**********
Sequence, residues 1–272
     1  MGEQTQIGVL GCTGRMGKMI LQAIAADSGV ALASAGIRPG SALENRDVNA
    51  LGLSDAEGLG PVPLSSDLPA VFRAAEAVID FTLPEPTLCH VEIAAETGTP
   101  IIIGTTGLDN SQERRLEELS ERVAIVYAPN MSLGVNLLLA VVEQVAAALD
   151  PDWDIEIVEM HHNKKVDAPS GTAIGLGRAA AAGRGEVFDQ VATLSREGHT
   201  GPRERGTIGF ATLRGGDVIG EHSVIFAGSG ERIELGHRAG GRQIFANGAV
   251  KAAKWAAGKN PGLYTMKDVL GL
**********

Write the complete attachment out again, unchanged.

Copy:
Sequence, residues 1–272
     1  MGEQTQIGVL GCTGRMGKMI LQAIAADSGV ALASAGIRPG SALENRDVNA
    51  LGLSDAEGLG PVPLSSDLPA VFRAAEAVID FTLPEPTLCH VEIAAETGTP
   101  IIIGTTGLDN SQERRLEELS ERVAIVYAPN MSLGVNLLLA VVEQVAAALD
   151  PDWDIEIVEM HHNKKVDAPS GTAIGLGRAA AAGRGEVFDQ VATLSREGHT
   201  GPRERGTIGF ATLRGGDVIG EHSVIFAGSG ERIELGHRAG GRQIFANGAV
   251  KAAKWAAGKN PGLYTMKDVL GL